Semantic search is search-query-based and not keyword-driven. A search query, especially a complex search query, allows Google to mine a wealth of contextual clues that allow it to determine end-user intent and serve the best possible results in search. A keyword (or two) put in search, is context-lite. Google struggles to understand what the end-user really means, which then results in search results being imprecise.
Semantic search is a paradigm shift that’s making itself felt across every business vertical. Because search powers the way we access the web, it also changes the way we interact with web technologies. This, in turn impacts upon the way we use it to get access to services, buy products and find information.
Semantic search and the semantic web are affecting everything: from the way marketing is done to how online dating works, even how you look for a job. More than that semantic search is the beginning of the convergence of traditional “online” with “offline” — the two will become the same, characterized by different bandwidth and available functionality.
When everything is contextual, success online is reduced to the simplicity of meaning. The success of a product or service is guaranteed only when it actually means something to the person who will see it (i.e. it provides an answer to a problem in a transactional or informational way, or it helps them expand their knowledge).
When the only way to interface with the semantic web is voice, as in a conversation, being found in search changes from the game of statistical chance it was in the past to a firm recommendation made by an intelligent program.
For that to happen and your business to be recommended you have to have engaged in building your identity and reputation and create high-confidence in who you are, in search long enough for Google to have formed a granular picture of who you are and what you do.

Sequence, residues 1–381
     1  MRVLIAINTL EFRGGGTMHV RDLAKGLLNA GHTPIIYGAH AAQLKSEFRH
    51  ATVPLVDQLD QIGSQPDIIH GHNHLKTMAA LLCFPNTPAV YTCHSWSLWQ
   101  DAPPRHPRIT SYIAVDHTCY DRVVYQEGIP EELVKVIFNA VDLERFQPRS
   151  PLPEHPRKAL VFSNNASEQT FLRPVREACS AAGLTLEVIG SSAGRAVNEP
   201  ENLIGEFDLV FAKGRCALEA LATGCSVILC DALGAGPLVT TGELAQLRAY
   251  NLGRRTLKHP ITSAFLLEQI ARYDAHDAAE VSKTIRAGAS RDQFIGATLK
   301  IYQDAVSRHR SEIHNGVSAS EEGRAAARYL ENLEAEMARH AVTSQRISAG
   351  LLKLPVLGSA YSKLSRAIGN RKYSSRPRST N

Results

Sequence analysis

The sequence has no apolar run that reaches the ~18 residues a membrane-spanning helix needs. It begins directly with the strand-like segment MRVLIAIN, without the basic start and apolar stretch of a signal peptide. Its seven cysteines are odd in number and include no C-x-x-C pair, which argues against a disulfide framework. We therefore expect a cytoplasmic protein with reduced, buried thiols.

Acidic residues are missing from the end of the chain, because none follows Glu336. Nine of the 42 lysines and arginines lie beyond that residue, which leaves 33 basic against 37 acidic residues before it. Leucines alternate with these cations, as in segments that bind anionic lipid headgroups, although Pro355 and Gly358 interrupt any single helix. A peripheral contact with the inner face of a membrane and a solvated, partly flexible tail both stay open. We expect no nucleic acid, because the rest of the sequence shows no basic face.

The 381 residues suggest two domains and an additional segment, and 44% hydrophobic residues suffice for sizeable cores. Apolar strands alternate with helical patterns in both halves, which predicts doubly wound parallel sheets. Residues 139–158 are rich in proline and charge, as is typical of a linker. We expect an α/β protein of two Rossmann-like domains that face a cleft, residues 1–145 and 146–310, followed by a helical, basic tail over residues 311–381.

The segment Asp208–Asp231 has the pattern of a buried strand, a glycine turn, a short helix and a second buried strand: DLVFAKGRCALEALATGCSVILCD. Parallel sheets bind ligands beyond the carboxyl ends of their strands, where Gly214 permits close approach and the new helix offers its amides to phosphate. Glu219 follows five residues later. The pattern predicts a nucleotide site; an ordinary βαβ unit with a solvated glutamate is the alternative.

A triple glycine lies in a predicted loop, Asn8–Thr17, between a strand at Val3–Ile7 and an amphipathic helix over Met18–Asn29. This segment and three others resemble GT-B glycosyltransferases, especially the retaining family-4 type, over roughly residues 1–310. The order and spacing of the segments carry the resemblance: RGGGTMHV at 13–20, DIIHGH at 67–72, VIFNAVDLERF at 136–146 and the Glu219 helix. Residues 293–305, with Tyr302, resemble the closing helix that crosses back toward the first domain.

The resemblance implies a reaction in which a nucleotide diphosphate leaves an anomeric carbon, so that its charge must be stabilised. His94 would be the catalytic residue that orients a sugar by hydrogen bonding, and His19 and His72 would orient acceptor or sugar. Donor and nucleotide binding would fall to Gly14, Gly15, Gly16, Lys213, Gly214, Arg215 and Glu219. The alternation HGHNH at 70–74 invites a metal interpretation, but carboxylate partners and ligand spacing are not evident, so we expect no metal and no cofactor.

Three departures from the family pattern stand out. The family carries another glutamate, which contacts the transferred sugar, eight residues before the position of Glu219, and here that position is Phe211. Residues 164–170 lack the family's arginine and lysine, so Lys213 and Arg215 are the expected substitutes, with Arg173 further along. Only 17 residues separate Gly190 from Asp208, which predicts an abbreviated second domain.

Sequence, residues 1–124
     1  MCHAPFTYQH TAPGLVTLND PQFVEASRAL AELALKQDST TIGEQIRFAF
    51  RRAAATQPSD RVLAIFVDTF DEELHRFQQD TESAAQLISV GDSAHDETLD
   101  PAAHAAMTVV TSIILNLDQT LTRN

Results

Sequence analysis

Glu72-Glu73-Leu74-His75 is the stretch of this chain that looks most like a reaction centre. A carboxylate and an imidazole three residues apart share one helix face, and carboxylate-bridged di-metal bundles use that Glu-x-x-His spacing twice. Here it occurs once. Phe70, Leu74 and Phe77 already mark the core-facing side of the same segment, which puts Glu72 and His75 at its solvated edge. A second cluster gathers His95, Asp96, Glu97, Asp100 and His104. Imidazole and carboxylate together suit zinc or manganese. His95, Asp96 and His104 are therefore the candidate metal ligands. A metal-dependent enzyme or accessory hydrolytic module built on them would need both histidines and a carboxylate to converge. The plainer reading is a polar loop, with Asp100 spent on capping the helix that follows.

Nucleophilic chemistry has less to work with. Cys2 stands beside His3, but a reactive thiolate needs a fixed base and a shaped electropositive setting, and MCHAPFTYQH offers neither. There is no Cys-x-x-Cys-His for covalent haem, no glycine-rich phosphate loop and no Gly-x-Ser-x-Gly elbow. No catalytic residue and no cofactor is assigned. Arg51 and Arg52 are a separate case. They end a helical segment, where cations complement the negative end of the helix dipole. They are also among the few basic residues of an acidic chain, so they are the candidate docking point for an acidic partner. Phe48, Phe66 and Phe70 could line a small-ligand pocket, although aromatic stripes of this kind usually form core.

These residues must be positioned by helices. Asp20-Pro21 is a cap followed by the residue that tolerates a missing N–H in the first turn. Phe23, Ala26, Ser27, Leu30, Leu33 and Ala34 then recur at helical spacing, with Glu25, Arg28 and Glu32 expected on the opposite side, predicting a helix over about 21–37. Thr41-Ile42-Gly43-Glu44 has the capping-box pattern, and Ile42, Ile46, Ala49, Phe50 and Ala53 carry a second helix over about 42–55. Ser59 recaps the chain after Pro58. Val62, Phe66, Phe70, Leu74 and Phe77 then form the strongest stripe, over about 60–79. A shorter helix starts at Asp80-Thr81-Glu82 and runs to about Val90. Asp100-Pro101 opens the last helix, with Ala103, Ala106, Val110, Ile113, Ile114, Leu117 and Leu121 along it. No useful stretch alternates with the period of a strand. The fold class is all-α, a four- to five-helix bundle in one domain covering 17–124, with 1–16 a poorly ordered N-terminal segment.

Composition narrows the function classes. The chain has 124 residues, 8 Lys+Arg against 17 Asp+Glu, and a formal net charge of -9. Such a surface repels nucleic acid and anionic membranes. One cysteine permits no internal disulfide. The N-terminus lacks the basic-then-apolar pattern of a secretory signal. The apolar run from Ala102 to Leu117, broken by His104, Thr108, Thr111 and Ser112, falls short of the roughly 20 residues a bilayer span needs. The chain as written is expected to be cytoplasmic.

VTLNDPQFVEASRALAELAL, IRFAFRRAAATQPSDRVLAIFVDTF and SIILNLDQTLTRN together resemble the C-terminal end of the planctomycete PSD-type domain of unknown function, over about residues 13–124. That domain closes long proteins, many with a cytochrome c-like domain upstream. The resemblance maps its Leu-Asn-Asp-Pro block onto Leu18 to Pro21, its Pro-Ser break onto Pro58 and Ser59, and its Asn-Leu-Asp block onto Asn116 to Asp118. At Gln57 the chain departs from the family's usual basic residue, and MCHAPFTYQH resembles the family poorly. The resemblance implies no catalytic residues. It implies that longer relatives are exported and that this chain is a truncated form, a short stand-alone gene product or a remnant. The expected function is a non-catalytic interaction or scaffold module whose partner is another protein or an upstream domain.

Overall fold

The point is that from a practical perspective those seeking to be found need to focus on the creation of content that is as information-rich as possible. Keywords on their own, … simply won’t cut it.
And so on to Hummingbird, an entirely new search algorithm sitting at the core of Google. It isn’t an addon or a tweak or adjustment like the infamous Panda and Penguin. Known for its focus on providing intuitive search results based primarily on user intent, Hummingbird understands the relationship of keywords or phrases to one another and uses this to rank websites relevant to what the user has searched.
The best analogy I’ve heard is to think of Google like a car – sooner or later even if you’ve replaced the wing mirrors and doors and wheels you can’t improve the car any further without changing the engine. That’s what Hummingbird is, the “engine” that drives Google search, and it incorporates the existing rules of Panda and Penguin – not the other way around. Announced at the time of Google’s 15th birthday it also coincided with the “100% not reported” announcement of keywords in Google Analytics.
By removing keyword reporting in Google Analytics Google has removed the “what keyword am I going to build content, around, today?” strategy. Content will always contain keywords, but it should be created to answer specific, potential, end user questions rather than surface a page because of a keyword.